Monday 16 February 2015

Austro-Prussian War Game

Yesterday we played an Austro-Prussian War game. The scenario was quite straightforward. A Prussian infantry division, supported by a cavalry brigade, a Landwehr infantry regiment plus six batteries from the Corps reserve were sent to secure a railway bridge in Bohemia. Three Austrian brigades, supported by a cavalry brigade and the corps artillery reserve were sent to oppose them.

The armies were organised so that the Prussian battalions consisted of four stands, while the Austrians were three stands. To represent some of the tactical differences, the Prussian Needle Gun infantry would roll one and a half dice per stand when they fired. To represent the Prussian schnellfeur good order infantry could re-roll misses in closing fire. The Austrians has the advantage of rifle range, but had a slower rate of fire (one side per stand). The Prussian landwehr infantry, armed with rifled muskets, had the same rate of fire as the Austrians. The Austrian line infantry were encouraged to make use of attack columns by making it one point more difficult to activate if not formed in column. If the columns got into contact, the full depth of the column cold contribute to the melee. The rules, as usual, were home grown and suit our style of play.

The terrain was pretty straightforward. Looking from the Austrian side, on the right was a stream crossed by a railway line. Near that crossing was a small farm. About one and a half meters to the left, pretty much dead centre of the table, was a small town, laying in the hollow of a shallow valley. Still further left was a walled farm.

The Austrians were on the table at the start of the game with all three infantry brigades near the centre of the table, one slightly to the right of the town with the other two slightly to the left. The cavalry held the extreme left. The Prussians had to march on and were centred near the town

The action began slowly. First because the Prussian troops rolled really badly for their activation and were "tardy" and second because neither side had any artillery in position. That said both sides split their forces into three groups, each aiming to control the three key points on the table: the railway line, the town and the farm on the Austrian left.

The "tardy" Prussians

The Austrian left and centre

The action developed on the Austrian left first, where an infantry brigade and the cavalry brigade faced off against the landwehr regiment and the Prussian cavalry. The initial cavalry tussle proved inconclusive with each side driving back one of each other's regiments before each side pulled back to observe. But the infantry action was more deadly. The landwehr occupied the farm but a powerful assault by the Austrian jagers, supported by two line battalions, drove them out, while two other battalions took care of the other landwehr battalion and then drove up the hill beyond and, despite heavy losses, captured two Prussian batteries there.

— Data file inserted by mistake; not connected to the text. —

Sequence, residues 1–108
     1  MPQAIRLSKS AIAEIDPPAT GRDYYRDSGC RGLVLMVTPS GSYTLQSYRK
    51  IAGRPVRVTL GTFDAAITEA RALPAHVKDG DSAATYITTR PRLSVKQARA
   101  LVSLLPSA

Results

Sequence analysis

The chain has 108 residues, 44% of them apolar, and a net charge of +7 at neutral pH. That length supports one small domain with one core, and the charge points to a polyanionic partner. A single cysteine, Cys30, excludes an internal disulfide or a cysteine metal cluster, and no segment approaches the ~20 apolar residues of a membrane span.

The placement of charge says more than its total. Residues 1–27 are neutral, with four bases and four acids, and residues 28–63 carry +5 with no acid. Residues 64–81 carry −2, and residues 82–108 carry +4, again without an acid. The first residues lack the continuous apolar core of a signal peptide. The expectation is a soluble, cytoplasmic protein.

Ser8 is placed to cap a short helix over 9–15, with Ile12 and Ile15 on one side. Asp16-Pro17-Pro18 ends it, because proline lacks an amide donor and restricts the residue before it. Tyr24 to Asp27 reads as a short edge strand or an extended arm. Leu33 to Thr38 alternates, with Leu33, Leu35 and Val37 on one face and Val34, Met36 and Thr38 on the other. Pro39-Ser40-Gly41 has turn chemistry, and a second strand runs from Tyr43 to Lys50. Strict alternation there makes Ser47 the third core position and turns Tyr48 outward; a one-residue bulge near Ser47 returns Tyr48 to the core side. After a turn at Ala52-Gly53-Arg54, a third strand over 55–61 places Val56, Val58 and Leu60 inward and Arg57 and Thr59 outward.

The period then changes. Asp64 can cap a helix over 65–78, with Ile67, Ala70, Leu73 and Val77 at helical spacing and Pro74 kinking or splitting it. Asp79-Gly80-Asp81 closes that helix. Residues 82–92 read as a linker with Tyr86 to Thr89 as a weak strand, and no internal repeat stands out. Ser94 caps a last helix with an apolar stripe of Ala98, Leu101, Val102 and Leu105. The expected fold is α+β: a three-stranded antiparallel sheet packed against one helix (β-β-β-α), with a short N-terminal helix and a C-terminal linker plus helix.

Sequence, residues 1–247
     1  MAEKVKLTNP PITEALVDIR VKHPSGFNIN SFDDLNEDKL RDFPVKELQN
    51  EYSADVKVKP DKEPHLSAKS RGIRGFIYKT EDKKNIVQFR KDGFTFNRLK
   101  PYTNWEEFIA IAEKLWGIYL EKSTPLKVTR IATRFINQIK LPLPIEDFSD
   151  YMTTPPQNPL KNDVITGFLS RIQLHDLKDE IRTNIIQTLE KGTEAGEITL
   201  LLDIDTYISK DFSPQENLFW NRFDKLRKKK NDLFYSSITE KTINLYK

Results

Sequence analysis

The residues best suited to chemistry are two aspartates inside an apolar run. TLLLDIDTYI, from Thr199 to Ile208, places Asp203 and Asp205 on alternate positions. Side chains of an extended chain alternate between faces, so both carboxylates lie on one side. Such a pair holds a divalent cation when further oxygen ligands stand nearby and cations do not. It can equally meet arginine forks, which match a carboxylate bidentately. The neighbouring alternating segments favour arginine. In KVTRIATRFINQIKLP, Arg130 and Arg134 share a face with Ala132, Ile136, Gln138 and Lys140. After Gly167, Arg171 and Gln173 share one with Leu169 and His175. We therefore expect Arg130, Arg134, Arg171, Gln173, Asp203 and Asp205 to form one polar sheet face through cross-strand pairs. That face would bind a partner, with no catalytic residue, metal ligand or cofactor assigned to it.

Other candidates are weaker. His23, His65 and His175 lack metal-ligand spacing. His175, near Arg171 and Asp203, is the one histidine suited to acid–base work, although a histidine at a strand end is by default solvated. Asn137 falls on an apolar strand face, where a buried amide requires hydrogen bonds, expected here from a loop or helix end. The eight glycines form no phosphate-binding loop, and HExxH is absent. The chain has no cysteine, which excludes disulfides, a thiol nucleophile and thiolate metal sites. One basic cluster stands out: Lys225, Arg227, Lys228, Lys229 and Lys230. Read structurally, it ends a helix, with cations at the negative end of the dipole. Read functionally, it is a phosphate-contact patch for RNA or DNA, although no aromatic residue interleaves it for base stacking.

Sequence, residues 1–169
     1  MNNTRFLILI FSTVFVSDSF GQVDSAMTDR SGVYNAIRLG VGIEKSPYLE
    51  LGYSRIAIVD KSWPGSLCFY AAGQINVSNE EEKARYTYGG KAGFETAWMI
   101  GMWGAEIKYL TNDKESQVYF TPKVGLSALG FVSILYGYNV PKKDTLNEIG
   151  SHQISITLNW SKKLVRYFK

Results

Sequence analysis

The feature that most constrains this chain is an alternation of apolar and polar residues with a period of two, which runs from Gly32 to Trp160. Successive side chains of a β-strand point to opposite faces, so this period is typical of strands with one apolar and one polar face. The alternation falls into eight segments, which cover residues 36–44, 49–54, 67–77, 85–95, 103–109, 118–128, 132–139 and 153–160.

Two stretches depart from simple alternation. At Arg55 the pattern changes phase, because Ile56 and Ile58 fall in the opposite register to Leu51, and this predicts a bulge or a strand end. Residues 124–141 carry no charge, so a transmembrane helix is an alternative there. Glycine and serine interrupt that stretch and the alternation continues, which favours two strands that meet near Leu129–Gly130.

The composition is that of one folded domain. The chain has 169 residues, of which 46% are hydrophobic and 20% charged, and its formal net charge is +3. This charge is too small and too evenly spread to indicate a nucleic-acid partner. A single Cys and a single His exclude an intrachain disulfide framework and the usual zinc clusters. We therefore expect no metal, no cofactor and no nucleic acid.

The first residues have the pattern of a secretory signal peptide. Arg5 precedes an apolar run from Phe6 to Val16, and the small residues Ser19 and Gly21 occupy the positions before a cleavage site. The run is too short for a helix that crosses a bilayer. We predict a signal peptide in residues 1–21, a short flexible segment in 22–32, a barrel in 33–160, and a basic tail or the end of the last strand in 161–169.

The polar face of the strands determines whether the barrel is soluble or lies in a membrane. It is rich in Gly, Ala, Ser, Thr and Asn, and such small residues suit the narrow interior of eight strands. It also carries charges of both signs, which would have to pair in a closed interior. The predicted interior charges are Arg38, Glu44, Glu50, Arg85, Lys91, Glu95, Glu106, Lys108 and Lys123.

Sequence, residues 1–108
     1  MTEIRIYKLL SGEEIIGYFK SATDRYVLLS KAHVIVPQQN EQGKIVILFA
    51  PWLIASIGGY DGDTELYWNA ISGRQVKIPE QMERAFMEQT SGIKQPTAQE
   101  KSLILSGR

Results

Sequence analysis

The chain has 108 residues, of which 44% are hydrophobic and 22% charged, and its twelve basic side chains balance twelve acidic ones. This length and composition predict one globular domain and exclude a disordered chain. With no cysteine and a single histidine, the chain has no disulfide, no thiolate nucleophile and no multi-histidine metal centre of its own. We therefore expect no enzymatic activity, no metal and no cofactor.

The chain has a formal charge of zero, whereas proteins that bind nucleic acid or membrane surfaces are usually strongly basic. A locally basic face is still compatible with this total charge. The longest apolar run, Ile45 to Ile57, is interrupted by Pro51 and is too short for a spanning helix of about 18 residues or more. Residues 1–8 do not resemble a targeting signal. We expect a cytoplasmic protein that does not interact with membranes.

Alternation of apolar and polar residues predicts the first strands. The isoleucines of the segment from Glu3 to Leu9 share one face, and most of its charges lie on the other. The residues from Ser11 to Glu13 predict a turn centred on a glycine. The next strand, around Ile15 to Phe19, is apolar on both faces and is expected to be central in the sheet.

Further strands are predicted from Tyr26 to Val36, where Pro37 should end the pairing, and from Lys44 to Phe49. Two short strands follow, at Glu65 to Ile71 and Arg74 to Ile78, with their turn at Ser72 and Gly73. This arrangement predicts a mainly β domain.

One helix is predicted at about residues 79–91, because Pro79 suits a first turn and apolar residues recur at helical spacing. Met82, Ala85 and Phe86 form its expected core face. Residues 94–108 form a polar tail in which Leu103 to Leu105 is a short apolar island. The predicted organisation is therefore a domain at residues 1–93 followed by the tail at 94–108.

Th Austrians asdvance on the left

They carry the farm...

...and attack the Prussian batteries on the hill

The cavalry renewed it tussle and although the Prussian troopers pushed off most of their Austrian counterparts, they were held in check by the Austrian artillery.

The cavalry fight

In the centre the fighting became particularly hot. The Austrian seized the initiative and stormed forward in their assault columns, covered by the jagers. Two Austrian battalions were badly knocked about early by artillery fire and the initial assault by the jagers was stopped short of its target. However, three battalions following the jagers managed to press home the attack and drive back the Prussians in front of them. Two battalions to their right drove forward against a badly battered Prussian battalion and, despite taking heavy fire into their flank, drove the Prussians from the field. The Austrians then struck the second Prussian line which, despite being heavily disadvantaged, held. A desperate fight developed. In the end the Prussians came through the town and struck the rear of the attacking Austrians, all but destroying this Austrian brigade, but they had taken severe losses themselves in doing so.

The Prussians occupy the town

The Austrians move on the town

The Austrians attack in the center

The Austrians on the right made it across the stream and covered the railway. The Prussians on this flank continued to move tardily but when they did finally get into position, their superior musketry began to tell. As the game came to an end it became obvious that the Prussians would eventually gain the upper hand here.

In the end the honours were pretty much even. The Austrians were in good shape on their left, with only a regiment of Prussian cuirassiers left there to oppose them. In the centre the Austrian infantry brigade was wrecked, but the Prussians had suffered heavily too and were in no shape to press forward against the massed Austrian artillery. On the Austrian right, the tardy Prussians had been roughly handled, but were pretty much taking out one Austrian battalion at a time with rifle fire.

The tweaks made to the rules had worked really well and caught the flavour of the period. The Prussian musketry was dominant and by making the battalions four stands it meant that they could outshoot the Austrians two to one in a  stand up fire fight. The Austrian assault columns were also well represented. Against a well-positioned Prussian battalion, they could take terrible losses, but if they did manage to close they could sweep the field. The problem for the Austrians was keeping the momentum going. Only on a few occasions could the Austrians make use of their additional rifle range.